The basic idea seems to be 1 pound of fruit, 1/2 cup of sugar, booze (at least 40% alcohol by volume) to cover, and 4-12 weeks of macerating time. I stared at my liquor shelf and came up with three combinations I wanted to try: gin and cucumber, strawberry and tequila, and plum or apricot and kirschwasser, which is a cherry brandy.
I went to the store and bought a pound of cucumbers, a pound of strawberries, three plumcots and three plums. I also picked up more gin (I didn’t want to use the good stuff for this experiment) and some regular brandy because I didn’t have enough kirschwasser, and the corner liquor store didn’t have it. I didn’t have any quart-size jars, and each pound of fruit makes about a quart, so I just used two smaller jars for each batch. This also gave me the opportunity to experiment with flavorings.
Tequila and strawberries
I paired these two because strawberry margaritas exist and are tasty. I washed the strawberries, cut the stems off, cut large ones in half, and cut all the soft or bad spots off. I figured bad spots would not fare well sitting in a cabinet for months. I divided the strawberries into two jars and added some lime zest to one of them. I added 1/4 cup sugar to each jar and filled with tequila.
Brandy with plums and plumcots
I picked this pairing because one of the recipes was in this vein and I had some kirschwasser I never used. I wasn’t really sure which stone fruit to use, cherry, apricot, or plum, but plums and plumcots were on sale at the store, so I went with those. I washed the fruit and poked it all over with a needle as advised in one of the recipes I had seen. I put the three plums into one jar and the three plumcots into another. To the jar with the plums I added 1/2 a cinnamon stick, some fragments of a nutmeg I had cracked previously, and 1/4 tsp vanilla bean paste. To the jar with the plumcots I added 1/2 cinnamon stick and 1/4 tsp whole cardamom seeds. I added 1/4 cup sugar to each jar, divided the kirschwasser between them, and filled the jars the rest of the way with brandy. The plums didn’t fit in the jars very well, so I ended up cutting one of them in half in each jar for geometry’s sake. I am interested in seeing if this changes the taste or texture.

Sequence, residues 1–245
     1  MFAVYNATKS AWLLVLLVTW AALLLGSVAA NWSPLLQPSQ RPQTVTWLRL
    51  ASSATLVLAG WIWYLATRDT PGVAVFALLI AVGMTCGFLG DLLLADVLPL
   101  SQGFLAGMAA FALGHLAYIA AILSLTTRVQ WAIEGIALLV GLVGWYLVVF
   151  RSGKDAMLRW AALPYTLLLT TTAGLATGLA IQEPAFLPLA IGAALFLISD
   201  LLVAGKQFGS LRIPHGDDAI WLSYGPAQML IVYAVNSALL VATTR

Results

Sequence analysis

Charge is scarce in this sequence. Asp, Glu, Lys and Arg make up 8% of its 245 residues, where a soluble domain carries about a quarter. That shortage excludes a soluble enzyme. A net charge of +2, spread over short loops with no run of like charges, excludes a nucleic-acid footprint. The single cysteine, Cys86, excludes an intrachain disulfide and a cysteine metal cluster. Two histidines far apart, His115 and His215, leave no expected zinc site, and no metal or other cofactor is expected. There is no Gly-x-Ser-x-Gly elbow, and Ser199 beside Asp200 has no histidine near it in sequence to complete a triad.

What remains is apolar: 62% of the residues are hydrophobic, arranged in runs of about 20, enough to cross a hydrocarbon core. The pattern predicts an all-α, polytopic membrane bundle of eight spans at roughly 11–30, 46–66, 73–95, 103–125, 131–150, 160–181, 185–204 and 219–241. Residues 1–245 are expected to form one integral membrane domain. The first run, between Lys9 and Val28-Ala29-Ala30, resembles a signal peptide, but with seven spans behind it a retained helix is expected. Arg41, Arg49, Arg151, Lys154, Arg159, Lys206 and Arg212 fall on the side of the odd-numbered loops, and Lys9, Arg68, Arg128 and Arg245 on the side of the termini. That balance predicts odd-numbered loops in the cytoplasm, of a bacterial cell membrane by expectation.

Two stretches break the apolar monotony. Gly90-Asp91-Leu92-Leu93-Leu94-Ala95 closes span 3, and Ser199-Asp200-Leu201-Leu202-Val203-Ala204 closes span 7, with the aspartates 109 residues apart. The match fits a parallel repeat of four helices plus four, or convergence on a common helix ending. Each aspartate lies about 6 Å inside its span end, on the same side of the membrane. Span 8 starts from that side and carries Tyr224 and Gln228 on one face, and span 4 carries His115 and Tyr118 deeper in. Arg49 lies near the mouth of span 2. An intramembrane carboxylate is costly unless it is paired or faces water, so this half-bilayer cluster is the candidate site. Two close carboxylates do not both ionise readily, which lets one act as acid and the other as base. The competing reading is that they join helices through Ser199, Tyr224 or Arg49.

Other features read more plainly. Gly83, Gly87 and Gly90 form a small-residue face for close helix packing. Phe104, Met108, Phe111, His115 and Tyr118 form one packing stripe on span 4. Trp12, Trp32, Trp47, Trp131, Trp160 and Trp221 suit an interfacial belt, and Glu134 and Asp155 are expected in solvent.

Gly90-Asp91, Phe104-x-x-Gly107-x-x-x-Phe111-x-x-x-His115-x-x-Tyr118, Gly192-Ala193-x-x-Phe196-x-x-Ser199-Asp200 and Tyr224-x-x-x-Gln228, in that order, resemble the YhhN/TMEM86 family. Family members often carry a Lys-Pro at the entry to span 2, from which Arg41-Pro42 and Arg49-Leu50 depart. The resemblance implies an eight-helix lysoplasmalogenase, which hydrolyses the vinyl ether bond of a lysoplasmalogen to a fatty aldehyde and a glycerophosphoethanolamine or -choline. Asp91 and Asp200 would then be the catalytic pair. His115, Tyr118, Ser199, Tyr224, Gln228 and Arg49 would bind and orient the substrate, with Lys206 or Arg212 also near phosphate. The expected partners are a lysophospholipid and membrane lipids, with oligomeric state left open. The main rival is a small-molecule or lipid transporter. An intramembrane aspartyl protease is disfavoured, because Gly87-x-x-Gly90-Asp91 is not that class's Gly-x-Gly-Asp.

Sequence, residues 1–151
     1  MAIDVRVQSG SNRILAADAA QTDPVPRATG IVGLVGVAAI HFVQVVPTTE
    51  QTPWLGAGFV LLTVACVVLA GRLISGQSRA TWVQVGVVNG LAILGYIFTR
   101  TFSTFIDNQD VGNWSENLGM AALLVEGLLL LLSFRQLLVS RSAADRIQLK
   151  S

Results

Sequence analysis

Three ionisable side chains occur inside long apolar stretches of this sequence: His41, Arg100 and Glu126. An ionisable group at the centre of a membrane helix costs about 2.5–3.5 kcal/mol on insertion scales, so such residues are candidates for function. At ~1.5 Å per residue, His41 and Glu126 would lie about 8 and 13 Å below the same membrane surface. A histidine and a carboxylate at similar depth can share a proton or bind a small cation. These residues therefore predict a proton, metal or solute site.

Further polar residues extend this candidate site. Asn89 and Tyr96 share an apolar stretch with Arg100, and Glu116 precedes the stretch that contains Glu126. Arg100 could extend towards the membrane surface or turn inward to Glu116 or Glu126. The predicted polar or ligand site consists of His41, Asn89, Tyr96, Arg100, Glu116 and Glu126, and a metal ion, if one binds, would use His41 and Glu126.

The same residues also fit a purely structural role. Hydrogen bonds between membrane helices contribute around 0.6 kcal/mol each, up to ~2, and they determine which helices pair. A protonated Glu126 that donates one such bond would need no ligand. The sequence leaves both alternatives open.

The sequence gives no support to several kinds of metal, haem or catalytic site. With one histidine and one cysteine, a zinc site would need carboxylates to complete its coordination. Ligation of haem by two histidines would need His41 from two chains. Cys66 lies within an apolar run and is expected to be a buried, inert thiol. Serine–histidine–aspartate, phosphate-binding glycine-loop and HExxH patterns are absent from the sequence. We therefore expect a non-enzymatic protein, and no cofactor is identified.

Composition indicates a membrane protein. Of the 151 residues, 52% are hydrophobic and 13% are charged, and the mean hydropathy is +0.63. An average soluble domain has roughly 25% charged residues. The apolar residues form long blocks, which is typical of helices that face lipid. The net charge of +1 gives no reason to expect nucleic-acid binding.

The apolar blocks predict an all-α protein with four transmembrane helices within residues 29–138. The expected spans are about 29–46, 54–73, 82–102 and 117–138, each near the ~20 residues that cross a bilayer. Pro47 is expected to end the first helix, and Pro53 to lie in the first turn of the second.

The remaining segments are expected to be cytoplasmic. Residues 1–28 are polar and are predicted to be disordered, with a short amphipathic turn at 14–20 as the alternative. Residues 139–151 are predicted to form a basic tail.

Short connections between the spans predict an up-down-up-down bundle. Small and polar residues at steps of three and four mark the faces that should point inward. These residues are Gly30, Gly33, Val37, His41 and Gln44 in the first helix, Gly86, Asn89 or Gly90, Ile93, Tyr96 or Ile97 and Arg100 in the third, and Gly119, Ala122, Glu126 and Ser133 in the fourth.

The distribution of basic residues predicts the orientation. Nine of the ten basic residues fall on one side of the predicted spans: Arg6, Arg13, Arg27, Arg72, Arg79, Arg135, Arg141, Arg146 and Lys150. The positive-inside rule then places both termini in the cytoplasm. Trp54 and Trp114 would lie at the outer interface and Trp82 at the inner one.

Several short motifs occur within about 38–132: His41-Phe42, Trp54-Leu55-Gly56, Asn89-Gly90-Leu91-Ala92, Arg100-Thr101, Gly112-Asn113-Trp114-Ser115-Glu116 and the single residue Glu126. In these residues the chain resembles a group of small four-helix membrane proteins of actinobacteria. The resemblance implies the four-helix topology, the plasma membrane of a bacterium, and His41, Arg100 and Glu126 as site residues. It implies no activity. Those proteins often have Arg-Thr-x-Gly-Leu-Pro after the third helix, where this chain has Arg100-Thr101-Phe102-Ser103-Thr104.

Gin and cucumbers
I paired these two because of my favorite drink, the Gordon’s cup. I was also a excited to have a reason to use juniper berries. I received some as a gift about a year ago and hadn’t figured out a use for them yet. Using my mandoline, I sliced two cucumbers into 1/4-inch thick slices. I divided them between two jars. Into one jar I also placed 2 tsp juniper berries. Into the other I added a little lime zest and 1 tsp coriander seeds. I sprinkled 1/4 cup sugar into each jar and covered with gin.
There was a good amount of undissolved sugar at the bottom of all the jars, so I shook them around. After an hour or so of shaking every once in a while, the sugar had all dissolved.
All the fruits I used are less dense than alcohol. The plums were wedged into the jars pretty well, so they were completely submerged, but the strawberries and cucumber slices were poking up. I didn’t think that was a good idea, and I didn’t want to spend the next month rotating the jars so all the fruit would be submerged regularly, so I searched my house for ways to hold them down. I ended up putting the two halves of my tea ball into two of the jars, the top of one of our cocktail shakers into another, and an empty sample-sized glass jam jar with no label into the last one. These were just tall enough to push down the fruit so it wouldn’t be exposed to air. I hope none of them are alcohol-soluble. My life isn't very exciting; my quest to submerge fruit made me feel like MacGyver.
Tea ball to the rescue!
Having dissolved the sugar and submerged the fruit, I rinsed the jars so they wouldn’t leave sticky rings and placed them in a corner of a cabinet, the closest thing I have to a cool, dry place in my Houston apartment. Unless I get too antsy, I plan on trying them in around six weeks, which will be November 9th-ish. I’m excited. I’ll let you know how they are and what I decide to do with them. At that point, if they’re good, I can make more batches that will be ready just in time for Christmas.